Bill Homewood narrates this classic tale of mystery and suspense with a pace like a marching army. He uses emphasis and pauses to build tension in this world of danger and intrigue. His expertise in performing accents and creating characters with sublime ease makes the story come alive. The tension in his voice matches the growing conflict between the hunted and the hunters. Weaving the descriptive details with ever growing tension, Homewood makes listening to this tale a delightfully chilling experience.
In his Four Just Men series, Edgar Wallace comes up with something different: the ‘villains’ are not necessarily bad people, and the pursuers of justice, the Four Just Men, as they call themselves, are acting outside the law. They argue that their actions are for the public good, and dispassionately eke the ultimate revenge — death — on their victims. In their turn, the Four Just Men are pursued by the police, but somehow remain our heroes.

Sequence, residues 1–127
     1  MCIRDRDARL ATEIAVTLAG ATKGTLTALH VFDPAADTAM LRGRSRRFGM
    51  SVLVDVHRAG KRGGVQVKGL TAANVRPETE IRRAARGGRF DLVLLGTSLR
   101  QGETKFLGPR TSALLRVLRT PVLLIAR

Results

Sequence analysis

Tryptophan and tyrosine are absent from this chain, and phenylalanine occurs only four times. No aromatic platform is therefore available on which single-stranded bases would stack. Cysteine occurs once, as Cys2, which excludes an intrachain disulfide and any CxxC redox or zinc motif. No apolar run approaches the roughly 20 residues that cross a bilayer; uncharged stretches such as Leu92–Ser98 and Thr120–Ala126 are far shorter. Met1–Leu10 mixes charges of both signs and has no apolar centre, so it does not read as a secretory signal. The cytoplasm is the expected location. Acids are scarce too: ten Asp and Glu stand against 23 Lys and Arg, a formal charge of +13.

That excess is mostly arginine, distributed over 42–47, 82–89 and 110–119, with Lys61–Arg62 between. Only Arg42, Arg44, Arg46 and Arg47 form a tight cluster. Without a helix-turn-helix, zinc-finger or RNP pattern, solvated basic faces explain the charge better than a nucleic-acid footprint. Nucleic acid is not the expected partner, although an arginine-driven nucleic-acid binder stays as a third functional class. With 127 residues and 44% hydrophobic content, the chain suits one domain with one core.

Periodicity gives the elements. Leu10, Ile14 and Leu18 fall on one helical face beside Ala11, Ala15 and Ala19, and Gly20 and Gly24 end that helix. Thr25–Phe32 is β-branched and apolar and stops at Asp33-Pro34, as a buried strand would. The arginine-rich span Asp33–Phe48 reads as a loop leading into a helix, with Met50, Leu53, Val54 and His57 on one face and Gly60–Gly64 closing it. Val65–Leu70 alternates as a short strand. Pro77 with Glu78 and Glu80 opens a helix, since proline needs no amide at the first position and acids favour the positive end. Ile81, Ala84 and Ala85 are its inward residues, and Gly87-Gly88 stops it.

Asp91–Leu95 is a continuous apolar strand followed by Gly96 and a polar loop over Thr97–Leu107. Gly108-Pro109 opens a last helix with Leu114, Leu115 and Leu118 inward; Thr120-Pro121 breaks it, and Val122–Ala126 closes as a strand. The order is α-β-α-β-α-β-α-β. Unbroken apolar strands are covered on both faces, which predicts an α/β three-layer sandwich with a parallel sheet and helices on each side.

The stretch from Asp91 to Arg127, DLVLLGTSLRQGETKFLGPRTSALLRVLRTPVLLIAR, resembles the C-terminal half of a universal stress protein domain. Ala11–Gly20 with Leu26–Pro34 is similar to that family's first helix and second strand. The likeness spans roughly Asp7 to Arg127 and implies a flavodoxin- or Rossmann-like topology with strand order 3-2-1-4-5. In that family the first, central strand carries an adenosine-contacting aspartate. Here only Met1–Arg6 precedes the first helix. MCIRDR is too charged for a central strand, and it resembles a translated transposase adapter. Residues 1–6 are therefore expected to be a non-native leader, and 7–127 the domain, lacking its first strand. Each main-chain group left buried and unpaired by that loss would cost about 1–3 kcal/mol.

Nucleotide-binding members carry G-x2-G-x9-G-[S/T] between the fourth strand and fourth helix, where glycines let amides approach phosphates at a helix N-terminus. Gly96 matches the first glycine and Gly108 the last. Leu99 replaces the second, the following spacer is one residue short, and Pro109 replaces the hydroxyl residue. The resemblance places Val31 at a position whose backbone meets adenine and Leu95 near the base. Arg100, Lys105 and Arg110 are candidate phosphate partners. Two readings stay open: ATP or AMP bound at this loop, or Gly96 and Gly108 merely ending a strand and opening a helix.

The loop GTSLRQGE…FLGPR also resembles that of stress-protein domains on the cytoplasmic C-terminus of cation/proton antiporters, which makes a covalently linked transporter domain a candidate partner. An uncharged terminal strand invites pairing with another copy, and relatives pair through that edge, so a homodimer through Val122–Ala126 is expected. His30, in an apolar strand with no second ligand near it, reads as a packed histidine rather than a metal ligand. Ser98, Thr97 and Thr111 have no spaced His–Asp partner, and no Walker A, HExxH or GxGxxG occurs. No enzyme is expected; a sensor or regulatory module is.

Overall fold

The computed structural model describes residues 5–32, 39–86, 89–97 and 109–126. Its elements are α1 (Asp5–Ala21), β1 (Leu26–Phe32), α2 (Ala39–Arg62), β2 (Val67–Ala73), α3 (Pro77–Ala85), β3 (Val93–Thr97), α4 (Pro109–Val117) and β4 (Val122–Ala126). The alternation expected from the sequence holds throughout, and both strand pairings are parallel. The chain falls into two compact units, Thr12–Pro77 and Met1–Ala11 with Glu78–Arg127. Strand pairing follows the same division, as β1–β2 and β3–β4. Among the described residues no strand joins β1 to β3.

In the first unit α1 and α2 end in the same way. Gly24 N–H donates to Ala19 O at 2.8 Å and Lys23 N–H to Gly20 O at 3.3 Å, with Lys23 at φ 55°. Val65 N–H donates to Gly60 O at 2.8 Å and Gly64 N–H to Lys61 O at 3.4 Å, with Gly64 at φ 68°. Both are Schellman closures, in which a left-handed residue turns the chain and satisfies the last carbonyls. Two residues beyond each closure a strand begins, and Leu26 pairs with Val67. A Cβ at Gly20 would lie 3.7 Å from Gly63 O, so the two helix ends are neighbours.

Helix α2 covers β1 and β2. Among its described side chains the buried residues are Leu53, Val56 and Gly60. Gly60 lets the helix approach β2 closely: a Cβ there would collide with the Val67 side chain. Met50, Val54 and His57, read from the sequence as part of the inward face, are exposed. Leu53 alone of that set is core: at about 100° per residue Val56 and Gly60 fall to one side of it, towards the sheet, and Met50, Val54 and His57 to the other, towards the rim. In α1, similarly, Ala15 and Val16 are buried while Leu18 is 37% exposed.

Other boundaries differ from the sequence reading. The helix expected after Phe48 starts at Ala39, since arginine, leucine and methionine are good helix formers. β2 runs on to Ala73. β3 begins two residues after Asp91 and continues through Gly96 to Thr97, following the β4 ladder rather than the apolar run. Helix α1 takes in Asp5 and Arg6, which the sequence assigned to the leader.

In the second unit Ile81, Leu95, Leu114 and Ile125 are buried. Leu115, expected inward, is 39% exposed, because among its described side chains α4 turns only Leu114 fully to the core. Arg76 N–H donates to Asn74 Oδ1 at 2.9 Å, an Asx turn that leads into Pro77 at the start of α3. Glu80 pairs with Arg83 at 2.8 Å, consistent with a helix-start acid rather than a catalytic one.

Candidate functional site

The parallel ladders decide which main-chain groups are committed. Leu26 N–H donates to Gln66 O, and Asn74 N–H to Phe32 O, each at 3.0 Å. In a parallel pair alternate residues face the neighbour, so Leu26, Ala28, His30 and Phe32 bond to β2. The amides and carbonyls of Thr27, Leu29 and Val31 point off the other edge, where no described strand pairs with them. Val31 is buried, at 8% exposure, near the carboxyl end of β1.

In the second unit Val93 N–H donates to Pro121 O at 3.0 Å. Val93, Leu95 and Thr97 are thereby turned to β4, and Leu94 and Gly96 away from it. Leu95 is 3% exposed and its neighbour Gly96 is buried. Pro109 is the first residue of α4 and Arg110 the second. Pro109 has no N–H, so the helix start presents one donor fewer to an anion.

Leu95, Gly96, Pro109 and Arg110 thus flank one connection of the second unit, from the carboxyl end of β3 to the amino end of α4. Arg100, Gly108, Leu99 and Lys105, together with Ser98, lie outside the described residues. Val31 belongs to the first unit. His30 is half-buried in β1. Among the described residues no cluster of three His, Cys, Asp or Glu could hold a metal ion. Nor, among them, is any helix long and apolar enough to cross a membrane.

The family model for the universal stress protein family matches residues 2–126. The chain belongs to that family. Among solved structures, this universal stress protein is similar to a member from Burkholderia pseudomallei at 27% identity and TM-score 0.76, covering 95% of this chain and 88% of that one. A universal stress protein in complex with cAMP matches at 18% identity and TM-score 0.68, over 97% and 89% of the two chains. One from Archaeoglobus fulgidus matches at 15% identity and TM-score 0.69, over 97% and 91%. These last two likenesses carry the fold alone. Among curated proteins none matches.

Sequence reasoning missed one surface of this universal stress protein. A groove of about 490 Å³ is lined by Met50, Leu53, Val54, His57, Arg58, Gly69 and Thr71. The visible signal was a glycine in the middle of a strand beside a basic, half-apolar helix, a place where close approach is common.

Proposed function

In The Just Men of Cordova, written in 1917, the Four move into the treacherous, aristocratic world of gambling, horse-racing and high finance. It seems that police services, even governments, have no power to control this world, where blackmail, poison and murder are commonplace. The Four, working outside the law, take it upon themselves to clean things up in their own way.
This story has a kind of Dickensian quality about it. I found it difficult to follow at times and had to re read it quite a few times before reaching the end. The reader did a good enough job of reading the story. I may have to read it a few more times yet to really understand the point of the plot.